For IBS being as common a condition as it is, it is still surprisingly unheard of. There are thousands of people out there right now who are dealing with IBS and who don’t even know it because they don’t know what symptoms to expect with it and what it is all about. Well that is why you should learn more about this condition, the IBS symptoms that are associated with it, and other important details that you should be aware of.
What Are IBS Symptoms
IBS is irritable bowel syndrome, and this is a very common condition that afflicts men and women all around the globe, and even some children. It is a type of digestive disorder that many people suffer from, but few actually talk about, which is why it still goes so unheard of. There can be a lot of damage caused to the body as a result of this condition, especially if the person lets it go untreated and does not see a doctor and seek treatment.
There are a few common symptoms that are associated with this condition but more than anything IBS produces symptoms such as fluctuations between diarrhea and constipation. If you notice that you are suddenly having digestive problems off and on, such as not being able to go to the bathroom and pass a bowel movement or being on the other end of the spectrum and finding that you have diarrhea, this is the main characteristic of this condition.
Treatment Of IBS
Of course as soon as you even suspect that you have IBS, you should get in to your doctor right away. They are going to be able to talk with you, perform a few tests, and generally assess your overall condition and from this be able to determine whether or not it is irritable bowel syndrome that you are dealing with.
If so, they will move ahead promptly with treatment, because they know how dangerous this condition is the longer that it is left without being treated. Fortunately there are quite a few different treatment options that are available for this condition, and so you are definitely going to be able to get yourself better, even if it may take a bit of trial and error.
Dealing with this condition is often very challenging, but if you are working hand in hand with your doctor and doing research in the meanwhile as you should be, then you should be able to find a treatment that works.
IBS, Friendly Bacteria and Your Digestive Tract
- When you hear the word bacteria, what usually comes to mind? Illness and infection are what we normally think of, but did you know that our body has bacteria that keep us from getting sick? In fact the body needs bacteria in order to survive.Friendly bacteria, sometimes called probiotics, are responsible for digesting food, breaking down waste and making essential vitamins. They line the digestive tract to prevent harmful microorganisms in food and air from getting into the bloodstream and causing problems in our body. They help to increase the body’s ability to produce antibodies in our blood stream and work to make our immune system stronger. Friendly bacteria also produce natural antibiotics inside the body to provide protection against infections, like food poisoning, and take up space in the digestive tract, which helps prevent infection from fungus, unhealthy bacteria or parasites. By maintaining a large population of friendly bacteria you can:Reduce or eliminate many skin conditions like acne, eczema, psoriasis, and allergy related hives.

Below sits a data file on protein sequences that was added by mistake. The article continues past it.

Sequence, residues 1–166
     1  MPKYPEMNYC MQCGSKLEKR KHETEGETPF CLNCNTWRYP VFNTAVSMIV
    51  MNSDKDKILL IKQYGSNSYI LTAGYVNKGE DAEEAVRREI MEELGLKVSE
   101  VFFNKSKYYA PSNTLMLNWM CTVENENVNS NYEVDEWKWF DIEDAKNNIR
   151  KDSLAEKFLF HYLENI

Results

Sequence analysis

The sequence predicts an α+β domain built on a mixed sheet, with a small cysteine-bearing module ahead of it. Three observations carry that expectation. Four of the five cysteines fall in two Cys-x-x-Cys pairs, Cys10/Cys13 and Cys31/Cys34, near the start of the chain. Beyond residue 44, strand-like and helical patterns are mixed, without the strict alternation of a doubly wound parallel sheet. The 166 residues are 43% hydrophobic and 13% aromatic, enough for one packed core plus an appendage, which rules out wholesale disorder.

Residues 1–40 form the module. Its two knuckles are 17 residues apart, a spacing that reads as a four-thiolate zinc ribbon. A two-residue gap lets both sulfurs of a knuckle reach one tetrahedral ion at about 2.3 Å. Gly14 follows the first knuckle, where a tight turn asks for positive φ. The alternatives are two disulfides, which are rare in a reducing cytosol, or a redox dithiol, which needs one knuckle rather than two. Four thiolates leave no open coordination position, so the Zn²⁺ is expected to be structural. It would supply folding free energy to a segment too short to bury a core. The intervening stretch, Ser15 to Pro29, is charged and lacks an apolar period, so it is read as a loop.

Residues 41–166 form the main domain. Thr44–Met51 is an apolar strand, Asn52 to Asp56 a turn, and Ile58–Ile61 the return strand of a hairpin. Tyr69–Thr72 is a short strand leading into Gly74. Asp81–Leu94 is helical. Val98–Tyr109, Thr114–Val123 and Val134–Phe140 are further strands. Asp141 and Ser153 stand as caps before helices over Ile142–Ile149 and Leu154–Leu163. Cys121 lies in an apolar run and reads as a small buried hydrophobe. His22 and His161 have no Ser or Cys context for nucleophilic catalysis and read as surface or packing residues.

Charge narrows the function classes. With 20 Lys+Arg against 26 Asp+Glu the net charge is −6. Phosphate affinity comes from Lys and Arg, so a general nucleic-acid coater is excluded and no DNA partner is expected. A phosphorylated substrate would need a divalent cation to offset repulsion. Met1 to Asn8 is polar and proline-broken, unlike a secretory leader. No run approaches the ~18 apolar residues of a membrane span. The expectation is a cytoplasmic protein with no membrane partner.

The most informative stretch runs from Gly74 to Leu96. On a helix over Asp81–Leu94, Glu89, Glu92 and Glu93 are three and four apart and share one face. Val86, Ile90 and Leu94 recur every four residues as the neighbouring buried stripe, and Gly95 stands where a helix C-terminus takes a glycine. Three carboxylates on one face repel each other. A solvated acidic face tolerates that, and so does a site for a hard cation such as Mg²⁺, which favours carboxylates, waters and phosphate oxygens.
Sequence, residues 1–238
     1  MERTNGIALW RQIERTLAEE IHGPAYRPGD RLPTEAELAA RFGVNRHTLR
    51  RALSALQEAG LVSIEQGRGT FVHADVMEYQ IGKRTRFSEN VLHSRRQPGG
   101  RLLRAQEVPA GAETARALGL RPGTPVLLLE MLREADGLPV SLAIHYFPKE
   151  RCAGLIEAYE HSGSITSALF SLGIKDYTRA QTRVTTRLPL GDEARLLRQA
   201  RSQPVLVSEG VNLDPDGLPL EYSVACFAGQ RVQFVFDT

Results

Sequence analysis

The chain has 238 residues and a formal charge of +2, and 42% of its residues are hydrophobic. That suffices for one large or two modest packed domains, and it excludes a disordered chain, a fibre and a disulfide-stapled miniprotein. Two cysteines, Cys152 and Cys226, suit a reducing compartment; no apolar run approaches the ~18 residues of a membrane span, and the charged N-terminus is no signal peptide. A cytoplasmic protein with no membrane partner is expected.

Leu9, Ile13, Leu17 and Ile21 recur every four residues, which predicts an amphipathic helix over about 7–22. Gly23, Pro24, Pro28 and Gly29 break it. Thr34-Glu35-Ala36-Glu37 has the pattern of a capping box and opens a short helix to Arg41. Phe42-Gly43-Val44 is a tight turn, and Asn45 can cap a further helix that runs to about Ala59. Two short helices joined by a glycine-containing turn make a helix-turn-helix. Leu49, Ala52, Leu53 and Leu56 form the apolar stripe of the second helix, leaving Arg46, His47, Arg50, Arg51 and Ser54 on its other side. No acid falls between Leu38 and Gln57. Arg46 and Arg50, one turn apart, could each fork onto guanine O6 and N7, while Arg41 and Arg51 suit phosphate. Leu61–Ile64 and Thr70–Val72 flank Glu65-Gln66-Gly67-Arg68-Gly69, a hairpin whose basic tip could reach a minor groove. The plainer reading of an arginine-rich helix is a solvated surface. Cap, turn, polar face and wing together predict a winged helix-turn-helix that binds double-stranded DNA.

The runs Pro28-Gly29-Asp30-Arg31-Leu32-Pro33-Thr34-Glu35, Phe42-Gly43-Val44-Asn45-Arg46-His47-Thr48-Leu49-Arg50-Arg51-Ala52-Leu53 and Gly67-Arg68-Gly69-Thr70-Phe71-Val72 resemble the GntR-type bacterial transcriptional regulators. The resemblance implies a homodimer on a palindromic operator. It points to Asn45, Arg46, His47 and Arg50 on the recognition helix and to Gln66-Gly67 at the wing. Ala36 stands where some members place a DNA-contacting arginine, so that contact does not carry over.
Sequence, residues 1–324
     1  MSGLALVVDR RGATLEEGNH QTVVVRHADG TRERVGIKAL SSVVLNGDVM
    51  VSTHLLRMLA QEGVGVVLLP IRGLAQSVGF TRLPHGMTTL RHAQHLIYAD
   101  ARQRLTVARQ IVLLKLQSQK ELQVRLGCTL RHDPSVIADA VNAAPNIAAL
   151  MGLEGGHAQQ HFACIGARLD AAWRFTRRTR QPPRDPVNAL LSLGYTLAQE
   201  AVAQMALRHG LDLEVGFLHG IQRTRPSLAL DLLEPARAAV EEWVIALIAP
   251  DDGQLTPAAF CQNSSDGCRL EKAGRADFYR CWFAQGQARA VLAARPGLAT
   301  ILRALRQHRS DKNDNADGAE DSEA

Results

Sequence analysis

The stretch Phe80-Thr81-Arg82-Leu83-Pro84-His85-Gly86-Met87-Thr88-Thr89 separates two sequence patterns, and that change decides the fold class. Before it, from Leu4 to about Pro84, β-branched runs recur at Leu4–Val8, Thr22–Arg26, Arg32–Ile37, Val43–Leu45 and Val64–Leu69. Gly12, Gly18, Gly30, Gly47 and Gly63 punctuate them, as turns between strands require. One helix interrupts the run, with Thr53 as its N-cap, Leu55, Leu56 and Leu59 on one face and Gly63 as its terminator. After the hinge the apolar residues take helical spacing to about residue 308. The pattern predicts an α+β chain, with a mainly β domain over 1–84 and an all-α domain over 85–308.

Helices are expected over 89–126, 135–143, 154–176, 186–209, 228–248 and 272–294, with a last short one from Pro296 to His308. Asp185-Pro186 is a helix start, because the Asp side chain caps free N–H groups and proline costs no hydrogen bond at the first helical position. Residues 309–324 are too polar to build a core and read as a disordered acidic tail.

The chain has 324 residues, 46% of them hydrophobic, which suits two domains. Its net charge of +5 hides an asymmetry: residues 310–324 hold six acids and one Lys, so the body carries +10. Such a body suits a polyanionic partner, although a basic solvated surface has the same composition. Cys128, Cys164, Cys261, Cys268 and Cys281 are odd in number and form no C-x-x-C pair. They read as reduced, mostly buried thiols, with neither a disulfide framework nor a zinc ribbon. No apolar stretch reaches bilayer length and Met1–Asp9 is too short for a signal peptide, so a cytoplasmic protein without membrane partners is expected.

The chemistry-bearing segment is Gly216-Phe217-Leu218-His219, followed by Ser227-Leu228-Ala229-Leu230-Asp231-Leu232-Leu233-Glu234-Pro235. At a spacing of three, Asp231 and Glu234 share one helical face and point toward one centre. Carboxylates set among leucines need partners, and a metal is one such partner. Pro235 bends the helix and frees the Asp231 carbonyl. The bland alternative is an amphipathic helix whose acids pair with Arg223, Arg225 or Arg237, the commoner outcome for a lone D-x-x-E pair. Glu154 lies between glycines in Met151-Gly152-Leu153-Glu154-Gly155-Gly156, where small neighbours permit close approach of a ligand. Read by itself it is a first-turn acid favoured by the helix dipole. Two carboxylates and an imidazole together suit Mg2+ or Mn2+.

Provide protection from asthma
Reduce or eliminate the occurrence of seasonal allergies
Improve the digestion process and lessen the likelihood of diarrhea or constipation
There is a balance between the friendly bacteria and the not-so-friendly bacteria that must be maintained in the digestive tract. The friendly bacteria need to be in control. The balance between good and bad bacteria in the digestive system is the determined by our choices of food and lifestyle. There is a well known quote by Hippocrates that says “Let food by thy medicine and medicine be thy food” that describes the need for friendly bacteria quite well. The healthier you choose to eat and live your life, the more friendly bacteria you will have inside your body.
There are several causes of the destruction of friendly bacteria in the gut. Use of antibiotics is a main cause. Antibiotics kill all kinds of bacteria, causing Candida overgrowth in the body because the friendly bacteria is depleted and can no longer keep the Candida in check. This is why yeast infections are so common in people who are on or have just finished taking antibiotics. Other causes of friendly bacteria depletion are:
Eating foods high in sugar or sweeteners and regular consumption of refined or processed, prepackaged foods.
Drinking alcohol on a regular basis
Not fully chewing your food before swallowing
Use of steroids, antacids, laxatives or oral contraceptives
Drinking chlorinated water and swimming in chlorinated pools
Friendly bacteria support a healthy body by limiting the growth of harmful bacteria, fungus, and other microorganisms. They also promote good digestion and strengthen the immune system. Irritable bowel disorders are often caused by a lack of friendly bacteria in the digestive system. Increasing the presence of friendly bacteria can help normalize bowel movements.
Friendly bacteria have been known to relieve symptoms of lactose intolerance, combat Candida overgrowth and irritable bowl symptoms. They can also help prevent vaginal and bladder infections and even allergies. Taking digestive supplements and eating foods fortified with live bacteria cultures, such as yogurt and fortified cheeses and milk, will help increase the population of friendly bacteria. Natural supplements, like those found in our natural IBS product review section, help to support and maintain a healthy digestive system in which the friendly bacteria can thrive.